The big news of the day is Abi having dinner after yesterday’s bout, violating the current Covid rules. Ass a consequence, he has been grounded in his heya, and was handed a fusen loss. He’ll stay kyujo until the Covid test results come back.
Kyokushuho v Chiyomaru. Finally a first win for His Roundness! Kyokushuho did not much to avoid Maru’s favorite pushing contest and that’s an easy win. Chiyomaru even gets the luxury of being credited of an unusual (for him) yorikiri win.
Wakatakakage v Terunofuji. The Fukushima born boldly goes for the Mongolian’s mawashi and drives forward. As pointed out by Herouth, this might have been part of the plan for Terunofuji, who catches his opponent in a morozashi, and has no trouble lifting him at the bails. That’s a convincing kimedashi win the Terunofuji, and Wakatakakage’s first loss in four days.
Kotoshogiku v Nishikigi. Well, what to say? That was a bit too easy for the former ozeki, who kind of produced his trademark gaburi sumo. He drove forward until Nishigiki was sent out of the dohyo. That’s a good basho for Giku, who increases to 5-2, whereas Nishikigi, 2-5, will have to quickly turn tables to avoid demotion.
Sadanoumi v Kotoyuki. Kotoyuki gets the upper hand early on, driving Sadanoumi backwards using a nodowa. Unfortunately, as this often happens to him, he is shown the door by Sadanoumi. Kotoyuki does not fall out of the ring, but quickly loses by okuridashi. That’s already his sixth loss, and for former sekiwake’s situation is already critical.
Kotoeko v Tochinoshin. Tochinoshin tries to go for the mawashi after the tachi-ai, which his opponent does not allow. The Georgian’s strength seems to prevail as he drives Kotoeko back, but eventually loses ground after a failed pulling attempt. Kotoeko seizes the opportunity to strike back, cleverly raises Tochinoshin’s center of gravity with his arms. As a result, Tochinoshin is powerless against Kotoeko’s frontal, energic sumo.
Shimanoumi v Kotoshoho. Kotoshoho initiates several thrusts after the tachi-ai, sending Shimanoumi backwards. One failed attack gives the Mie-ken born some respite, allowing him to seize Kotoshoho’s belt. But to no avail : in the ensuing yotsu battle, Kotoshoho produces a strong shitatenage with his right arm. Kotoshoho rebounds after yersterday’s first loss.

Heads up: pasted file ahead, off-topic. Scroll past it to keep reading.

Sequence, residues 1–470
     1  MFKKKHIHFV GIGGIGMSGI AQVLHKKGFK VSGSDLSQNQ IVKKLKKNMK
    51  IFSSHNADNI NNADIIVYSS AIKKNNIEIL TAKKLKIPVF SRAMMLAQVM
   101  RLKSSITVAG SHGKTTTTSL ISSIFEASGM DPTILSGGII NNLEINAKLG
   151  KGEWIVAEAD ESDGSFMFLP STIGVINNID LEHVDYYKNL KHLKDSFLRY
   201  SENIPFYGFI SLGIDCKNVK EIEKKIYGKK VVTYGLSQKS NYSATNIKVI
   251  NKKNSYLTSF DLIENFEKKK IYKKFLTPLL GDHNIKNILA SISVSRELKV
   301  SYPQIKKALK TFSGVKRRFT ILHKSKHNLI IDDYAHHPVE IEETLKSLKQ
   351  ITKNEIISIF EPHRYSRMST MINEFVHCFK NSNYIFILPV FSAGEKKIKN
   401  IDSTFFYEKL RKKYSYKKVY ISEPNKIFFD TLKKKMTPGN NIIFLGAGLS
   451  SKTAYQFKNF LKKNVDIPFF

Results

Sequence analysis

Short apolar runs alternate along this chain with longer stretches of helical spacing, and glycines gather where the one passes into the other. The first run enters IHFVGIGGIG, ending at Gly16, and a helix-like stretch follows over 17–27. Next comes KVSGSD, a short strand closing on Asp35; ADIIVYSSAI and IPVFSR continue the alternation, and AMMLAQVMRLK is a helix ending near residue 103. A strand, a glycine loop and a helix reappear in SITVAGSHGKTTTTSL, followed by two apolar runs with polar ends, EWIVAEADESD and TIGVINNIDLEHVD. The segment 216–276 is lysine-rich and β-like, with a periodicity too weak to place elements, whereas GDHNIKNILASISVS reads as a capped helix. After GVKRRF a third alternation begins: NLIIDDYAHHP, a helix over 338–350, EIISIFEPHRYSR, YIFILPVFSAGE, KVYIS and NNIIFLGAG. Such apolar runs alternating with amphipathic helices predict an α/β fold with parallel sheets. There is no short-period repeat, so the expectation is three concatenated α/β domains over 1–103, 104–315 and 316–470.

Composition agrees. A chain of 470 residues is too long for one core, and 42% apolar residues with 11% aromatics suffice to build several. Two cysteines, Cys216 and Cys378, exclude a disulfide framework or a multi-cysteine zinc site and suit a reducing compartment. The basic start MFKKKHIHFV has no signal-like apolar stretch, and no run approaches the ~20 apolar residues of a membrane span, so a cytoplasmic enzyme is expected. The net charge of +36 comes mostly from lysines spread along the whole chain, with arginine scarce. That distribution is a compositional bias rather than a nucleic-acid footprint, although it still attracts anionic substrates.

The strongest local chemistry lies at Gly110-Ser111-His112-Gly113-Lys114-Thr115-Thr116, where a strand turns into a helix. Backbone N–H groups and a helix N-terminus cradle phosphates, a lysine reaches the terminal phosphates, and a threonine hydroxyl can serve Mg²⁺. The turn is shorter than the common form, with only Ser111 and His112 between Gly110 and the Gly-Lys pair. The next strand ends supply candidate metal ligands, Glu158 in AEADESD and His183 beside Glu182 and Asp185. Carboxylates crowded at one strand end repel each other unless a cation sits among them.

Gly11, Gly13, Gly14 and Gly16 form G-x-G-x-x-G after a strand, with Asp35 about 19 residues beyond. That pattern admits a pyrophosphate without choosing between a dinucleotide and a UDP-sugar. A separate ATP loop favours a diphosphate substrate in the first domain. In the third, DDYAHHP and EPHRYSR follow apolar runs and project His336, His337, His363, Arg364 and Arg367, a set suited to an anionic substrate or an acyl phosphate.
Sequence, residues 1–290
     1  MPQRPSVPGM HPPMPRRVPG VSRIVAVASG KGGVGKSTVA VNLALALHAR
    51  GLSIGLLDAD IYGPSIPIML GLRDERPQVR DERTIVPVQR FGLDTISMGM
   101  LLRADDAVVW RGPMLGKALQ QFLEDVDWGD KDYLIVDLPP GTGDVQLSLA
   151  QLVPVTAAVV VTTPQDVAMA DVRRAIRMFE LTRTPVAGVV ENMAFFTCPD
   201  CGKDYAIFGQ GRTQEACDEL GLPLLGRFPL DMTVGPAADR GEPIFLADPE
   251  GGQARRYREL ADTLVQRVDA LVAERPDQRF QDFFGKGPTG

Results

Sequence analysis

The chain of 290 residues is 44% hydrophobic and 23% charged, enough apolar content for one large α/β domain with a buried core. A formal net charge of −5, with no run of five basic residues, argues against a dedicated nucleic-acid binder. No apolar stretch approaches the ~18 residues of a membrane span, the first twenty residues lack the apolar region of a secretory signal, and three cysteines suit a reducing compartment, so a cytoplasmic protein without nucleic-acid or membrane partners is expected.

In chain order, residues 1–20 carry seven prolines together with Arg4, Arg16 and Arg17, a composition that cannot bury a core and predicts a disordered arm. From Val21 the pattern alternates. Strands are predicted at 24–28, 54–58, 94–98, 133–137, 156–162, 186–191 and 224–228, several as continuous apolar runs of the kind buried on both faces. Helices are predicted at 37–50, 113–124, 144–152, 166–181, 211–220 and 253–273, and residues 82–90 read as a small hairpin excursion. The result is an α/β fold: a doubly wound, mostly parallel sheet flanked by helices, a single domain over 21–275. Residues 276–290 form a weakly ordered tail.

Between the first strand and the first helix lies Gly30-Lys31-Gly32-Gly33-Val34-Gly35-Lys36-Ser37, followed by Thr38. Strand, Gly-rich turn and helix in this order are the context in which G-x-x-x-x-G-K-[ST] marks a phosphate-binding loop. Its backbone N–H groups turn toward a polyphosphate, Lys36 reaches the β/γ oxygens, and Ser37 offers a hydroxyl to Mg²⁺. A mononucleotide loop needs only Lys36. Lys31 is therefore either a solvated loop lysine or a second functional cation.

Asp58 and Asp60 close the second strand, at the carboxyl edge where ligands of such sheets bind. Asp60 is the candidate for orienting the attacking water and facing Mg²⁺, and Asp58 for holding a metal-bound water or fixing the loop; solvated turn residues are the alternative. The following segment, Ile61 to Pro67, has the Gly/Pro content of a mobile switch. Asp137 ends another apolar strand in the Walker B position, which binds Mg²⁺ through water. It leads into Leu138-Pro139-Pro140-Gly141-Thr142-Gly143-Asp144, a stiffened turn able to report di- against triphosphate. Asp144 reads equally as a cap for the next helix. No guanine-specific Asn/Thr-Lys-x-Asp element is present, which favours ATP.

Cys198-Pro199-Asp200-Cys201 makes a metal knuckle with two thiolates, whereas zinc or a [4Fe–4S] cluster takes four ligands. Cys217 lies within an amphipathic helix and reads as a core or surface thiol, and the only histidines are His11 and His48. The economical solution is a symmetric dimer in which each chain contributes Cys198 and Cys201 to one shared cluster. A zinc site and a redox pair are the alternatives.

Takayasu v Myogiryu. Myogiryu uses an easy but effective strategy: targetting the former ozeki’s weak left arm. Having blocked it with his right arm, Myogiryu used a nodowa with his remaining arm. Takayasu ends up losing balance; he survives for a while but ends up losing the following scramble without too much a fight. Myogiryu’s excellent basho goes on.
Kaisei v Kotonowaka. A day to forget for Kotonowaka, whose strategy was a question mark in this bout. He quickly gets pushed out by the imposing Kaisei. That’s a welcome win for Kaisei, after a couple unlucky loses. Kotonowaka has now lost three of his last four bouts.
Shohozan v Ikioi. A fierce battle between two experiences rikishi. Shohozan sends the first blows, but Ikioi avoids the thrusts and Shohozan eventually loses balance on two occasions. Both times, Shohozan recovers in time and both rikishi reunite in the middle of the dohyo. Shohozan eventually sees an opportunity, and breaches Ikioi’s defence with an oshidashi win.
Chiyotairyu v Tokoshoryu. Chiyotairyu quickly goes for his opponent’s throat, but Tokoshoryu efficiently turns tables with his right hand. It proved sufficient to quickly drive Chiyotairyu to the edge. Tokoshoryu finished the job with a few pushes. Oshidashi win.
Ishiura v Ryuden. I firstly thought of a henka. But Ishiura goes frontal, tries to work on Ryuden’s belt, sitting low. But Ryuden breaches his opponent’s defences, seizes his mawashi by the side, and he is the one performing a death spin on the Miyagino resident. He concludes with a clean uwatenage. Quite a paradoxical bout!